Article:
Tuesday, June 3, 2008

SMEs - mixing personal with business goals (1/2007)

SME clients?! I had a meeting with a SME client today, and it was interesting in that it gave me an insight into how entrepreneurs are their own worst enemies at times. The main cause is their passion, which stops them from distinguishing between their personal lives and their business lives at times.

The SME client wants to grow his business and believes that he needs bigger premises to be able to lay his factory out better, and to have a more "acceptable" (upmarket) showroom than he has now. The SME manufactures a product that is a niche market product, aimed at the higher income groups, and in many cases the "old money" income group. The product could possibly be classified as a luxury product.

His wife feels they need to invest in a property, in order to create an income stream to form part of their pension.The natural conclusion they have drawn is to put these two separate issues together, and they now need to buy their own factory. However, to do so will increase their monthly "rental" costs five fold. It took an hour of discussion to get them to consider that they need to view the two decisions in isolation from one another, and that the main goal of the SME business is actually to increase sales, while the personal goal is to create a passive income through a property investment.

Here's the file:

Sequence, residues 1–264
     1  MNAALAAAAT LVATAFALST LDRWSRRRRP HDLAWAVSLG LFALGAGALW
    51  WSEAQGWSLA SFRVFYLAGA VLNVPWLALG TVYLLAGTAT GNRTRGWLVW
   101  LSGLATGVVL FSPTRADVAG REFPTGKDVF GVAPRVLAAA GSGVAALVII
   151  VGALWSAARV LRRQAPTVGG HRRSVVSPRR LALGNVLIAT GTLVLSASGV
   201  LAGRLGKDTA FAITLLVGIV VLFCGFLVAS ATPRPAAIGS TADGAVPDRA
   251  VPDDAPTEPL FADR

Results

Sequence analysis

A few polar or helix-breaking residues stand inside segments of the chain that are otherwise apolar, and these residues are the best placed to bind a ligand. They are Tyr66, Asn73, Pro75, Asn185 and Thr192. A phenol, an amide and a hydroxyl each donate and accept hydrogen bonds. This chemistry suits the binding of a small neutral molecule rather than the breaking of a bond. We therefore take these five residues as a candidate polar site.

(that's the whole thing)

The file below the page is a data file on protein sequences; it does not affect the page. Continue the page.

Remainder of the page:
They are now going to assess their options for these two very separate and diffferent goals independently of each other.

But the interesting part of the story for me, is how they initially did not see them as separate.

This is a failing of many entrepreneurs and SME owners, and often leads to them making bad decisions in their personal life in order to achieve a business goal. I know I have done the same. Have you?While faith in oneself is paramount to entrepreneurial success, it should never allow decisions to be made which are to the detriment of your family. It is a difficult line to draw and follow, and as financier to our own businesses it is difficult to say no, but we must learn to temper our decisions with a dose of personal and family care! Failure is an ugly thing for the entrepreneur and his family.

Rob Smorfitt

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